The Charity Commission, the independent regulator of charities in England and Wales, has opened a statutory inquiry into Achiezer Association Limited (registered charity number 255031) and Achiezer (registered charity number 234038). The charities’ objects include the relief of poverty, assistance of the elderly, the advancement of education and the advancement of religion. The inquiry was opened on 23 June 2015.
The charities were previously included in a class inquiry conducted by the commission into charities that were in default of their statutory obligations to meet reporting requirements by failing to file their annual documents for 2 or more years in the last 5 years.
The trustees, who are the same for both charities, have failed to comply with the steps taken by the commission to ensure compliance in their reporting duties. The continuing failure by the trustees to comply has raised further regulatory concerns outside the scope of the class inquiry including about the relationship between trading subsidiaries and a company associated with the trustees. Their annual reports returns and accounts/for the financial years ending 2010, 2011, 2012, and 2013 remain in default. The commission has already exercised its statutory powers to direct the trustees to prepare and submit the missing information and provide an explanation for the repeated default so this can be considered before further action by the regulator is taken.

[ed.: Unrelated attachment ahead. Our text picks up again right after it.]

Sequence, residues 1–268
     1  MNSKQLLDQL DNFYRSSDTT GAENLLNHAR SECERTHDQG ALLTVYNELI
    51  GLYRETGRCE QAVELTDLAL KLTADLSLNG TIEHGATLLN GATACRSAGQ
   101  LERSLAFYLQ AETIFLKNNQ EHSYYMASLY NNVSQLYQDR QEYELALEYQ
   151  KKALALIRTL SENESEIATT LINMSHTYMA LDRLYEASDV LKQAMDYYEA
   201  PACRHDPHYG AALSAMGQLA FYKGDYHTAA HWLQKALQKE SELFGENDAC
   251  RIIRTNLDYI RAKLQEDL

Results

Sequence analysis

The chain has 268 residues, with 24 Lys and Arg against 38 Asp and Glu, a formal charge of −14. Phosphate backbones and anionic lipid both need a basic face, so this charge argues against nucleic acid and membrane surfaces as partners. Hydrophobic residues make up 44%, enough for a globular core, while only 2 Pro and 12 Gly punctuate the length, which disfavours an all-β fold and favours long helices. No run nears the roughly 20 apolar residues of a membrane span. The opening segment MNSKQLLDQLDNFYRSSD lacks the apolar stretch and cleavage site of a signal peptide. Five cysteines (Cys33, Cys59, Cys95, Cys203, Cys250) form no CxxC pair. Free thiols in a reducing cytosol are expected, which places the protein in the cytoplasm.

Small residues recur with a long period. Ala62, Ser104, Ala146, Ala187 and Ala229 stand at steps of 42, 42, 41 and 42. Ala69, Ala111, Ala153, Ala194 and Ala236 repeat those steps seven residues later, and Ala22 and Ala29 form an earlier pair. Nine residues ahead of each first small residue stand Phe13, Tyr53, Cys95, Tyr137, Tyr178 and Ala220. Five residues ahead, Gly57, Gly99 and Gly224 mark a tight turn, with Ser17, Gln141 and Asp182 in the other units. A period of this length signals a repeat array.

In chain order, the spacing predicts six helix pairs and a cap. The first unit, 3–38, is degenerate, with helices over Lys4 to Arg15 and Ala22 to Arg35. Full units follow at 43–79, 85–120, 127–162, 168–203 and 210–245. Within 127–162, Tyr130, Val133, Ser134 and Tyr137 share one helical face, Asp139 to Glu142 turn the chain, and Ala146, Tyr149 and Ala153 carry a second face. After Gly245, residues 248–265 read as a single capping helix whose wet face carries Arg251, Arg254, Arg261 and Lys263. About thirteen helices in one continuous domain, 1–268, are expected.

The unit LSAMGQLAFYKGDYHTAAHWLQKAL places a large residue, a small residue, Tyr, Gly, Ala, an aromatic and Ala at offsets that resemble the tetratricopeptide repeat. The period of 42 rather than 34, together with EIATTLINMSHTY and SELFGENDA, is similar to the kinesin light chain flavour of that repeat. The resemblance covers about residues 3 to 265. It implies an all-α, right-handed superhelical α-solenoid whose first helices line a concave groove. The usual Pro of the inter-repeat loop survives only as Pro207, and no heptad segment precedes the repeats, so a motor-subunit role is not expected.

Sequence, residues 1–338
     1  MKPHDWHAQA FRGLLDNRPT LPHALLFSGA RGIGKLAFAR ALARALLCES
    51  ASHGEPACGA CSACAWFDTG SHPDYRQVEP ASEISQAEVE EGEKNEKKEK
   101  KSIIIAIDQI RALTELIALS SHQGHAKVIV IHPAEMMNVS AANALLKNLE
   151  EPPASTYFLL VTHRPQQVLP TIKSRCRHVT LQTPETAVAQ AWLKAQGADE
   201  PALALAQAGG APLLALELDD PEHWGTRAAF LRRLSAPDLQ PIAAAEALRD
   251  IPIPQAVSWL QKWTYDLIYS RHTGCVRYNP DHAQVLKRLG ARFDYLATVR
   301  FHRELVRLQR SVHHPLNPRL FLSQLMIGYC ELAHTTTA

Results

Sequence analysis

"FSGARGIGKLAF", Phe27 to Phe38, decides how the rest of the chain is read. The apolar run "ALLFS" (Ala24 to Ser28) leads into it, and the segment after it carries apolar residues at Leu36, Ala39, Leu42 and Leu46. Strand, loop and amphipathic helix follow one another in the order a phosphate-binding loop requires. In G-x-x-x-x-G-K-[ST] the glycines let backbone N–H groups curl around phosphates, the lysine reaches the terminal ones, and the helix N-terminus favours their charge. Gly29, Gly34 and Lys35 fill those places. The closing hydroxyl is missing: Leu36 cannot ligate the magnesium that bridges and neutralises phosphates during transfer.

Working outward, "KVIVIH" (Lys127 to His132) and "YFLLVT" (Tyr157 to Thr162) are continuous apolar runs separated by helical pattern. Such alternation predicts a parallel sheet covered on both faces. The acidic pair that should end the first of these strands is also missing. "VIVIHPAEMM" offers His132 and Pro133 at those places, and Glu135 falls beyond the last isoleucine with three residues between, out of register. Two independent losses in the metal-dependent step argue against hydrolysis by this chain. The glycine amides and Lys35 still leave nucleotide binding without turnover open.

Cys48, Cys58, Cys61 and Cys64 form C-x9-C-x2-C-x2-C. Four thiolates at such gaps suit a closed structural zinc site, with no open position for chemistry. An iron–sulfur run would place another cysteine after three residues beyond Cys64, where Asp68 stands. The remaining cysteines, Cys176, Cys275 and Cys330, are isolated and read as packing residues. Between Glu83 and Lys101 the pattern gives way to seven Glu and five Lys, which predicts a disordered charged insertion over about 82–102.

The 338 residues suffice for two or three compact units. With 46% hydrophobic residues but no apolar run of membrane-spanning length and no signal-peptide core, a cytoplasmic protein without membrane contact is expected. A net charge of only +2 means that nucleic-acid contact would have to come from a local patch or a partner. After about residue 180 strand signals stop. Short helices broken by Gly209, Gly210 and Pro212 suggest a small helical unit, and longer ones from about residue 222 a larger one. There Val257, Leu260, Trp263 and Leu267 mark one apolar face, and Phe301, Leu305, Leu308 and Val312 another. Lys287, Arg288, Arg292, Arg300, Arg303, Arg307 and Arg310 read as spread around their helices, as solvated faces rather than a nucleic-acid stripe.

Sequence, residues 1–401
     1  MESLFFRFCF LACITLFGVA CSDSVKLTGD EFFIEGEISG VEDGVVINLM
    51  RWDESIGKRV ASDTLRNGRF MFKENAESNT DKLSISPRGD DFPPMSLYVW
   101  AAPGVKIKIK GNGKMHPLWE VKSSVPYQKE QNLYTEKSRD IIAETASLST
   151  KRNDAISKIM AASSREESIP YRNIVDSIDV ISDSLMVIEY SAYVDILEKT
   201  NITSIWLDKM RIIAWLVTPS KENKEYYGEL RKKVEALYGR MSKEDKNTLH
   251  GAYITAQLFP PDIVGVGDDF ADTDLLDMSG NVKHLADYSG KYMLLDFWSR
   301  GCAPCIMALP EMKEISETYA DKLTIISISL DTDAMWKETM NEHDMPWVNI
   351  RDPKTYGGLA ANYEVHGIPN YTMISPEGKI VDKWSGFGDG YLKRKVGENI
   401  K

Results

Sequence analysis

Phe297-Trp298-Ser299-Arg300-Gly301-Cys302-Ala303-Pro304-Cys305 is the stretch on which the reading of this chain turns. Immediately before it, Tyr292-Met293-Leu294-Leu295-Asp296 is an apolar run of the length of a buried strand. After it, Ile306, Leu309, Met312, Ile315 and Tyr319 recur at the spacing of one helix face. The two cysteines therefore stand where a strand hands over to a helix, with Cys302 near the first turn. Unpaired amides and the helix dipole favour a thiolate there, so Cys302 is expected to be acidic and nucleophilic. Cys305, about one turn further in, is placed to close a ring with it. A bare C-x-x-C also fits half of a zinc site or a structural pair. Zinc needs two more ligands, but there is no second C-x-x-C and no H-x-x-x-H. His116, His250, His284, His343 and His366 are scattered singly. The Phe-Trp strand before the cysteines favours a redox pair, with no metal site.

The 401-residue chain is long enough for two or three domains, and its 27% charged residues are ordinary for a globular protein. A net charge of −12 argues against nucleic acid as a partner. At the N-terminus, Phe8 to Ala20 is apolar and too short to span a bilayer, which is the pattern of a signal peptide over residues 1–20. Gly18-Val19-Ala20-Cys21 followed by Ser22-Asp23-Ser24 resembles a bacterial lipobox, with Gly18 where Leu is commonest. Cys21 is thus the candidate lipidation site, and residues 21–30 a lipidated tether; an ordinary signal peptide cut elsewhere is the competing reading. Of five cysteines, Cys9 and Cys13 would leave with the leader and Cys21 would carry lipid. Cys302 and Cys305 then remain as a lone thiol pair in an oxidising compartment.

The regulator considers these concerns require dealing with in a statutory inquiry.
The scope of the inquiry will be to regularise the defaults in the statutory duty to submit annual accounts, reports and returns and also consider action for persistent default. The inquiry will also examine:
- the administration of the charities by the trustees, particularly in relation to whether the trustees have fulfilled their other legal duties and responsibilities as charity trustees
- the financial management of the charities to determine whether the trustees have failed to properly manage the charities’ funds
The purpose of an inquiry is to examine issues in detail and investigate and establish the facts so that the regulator can ascertain whether or not there has been misconduct or mismanagement; establish the extent of the risk to the charity’s property, beneficiaries or work; decide what action needs to be taken to resolve the serious concerns, if necessary using its investigative, protective and remedial powers to do so.
It is the commission’s policy, after it has concluded an inquiry, to publish a report detailing what issues the inquiry looked at, what actions were undertaken as part of the inquiry and what the outcomes were. Reports of previous inquiries by the commission are available on GOV.UK.
The charity’s details can be viewed on the commission’s online charity search tool.
Notes to editors
The Charity Commission is the independent registrar and regulator of charities in England and Wales, acting in the public’s interest, to ensure that:
* charities know what they have to do
* the public know what charities do
* charities are held to account
- Section 46 of the Charities Act 2011 gives the commission the power to institute inquiries. The opening of an inquiry gives the commission access to a range of investigative, protective and remedial legal powers.
- The commission’s decision to announce the opening of a statutory inquiry is based on whether it is in the public interest to do so and with consideration of our objective to increase public trust and confidence in charities.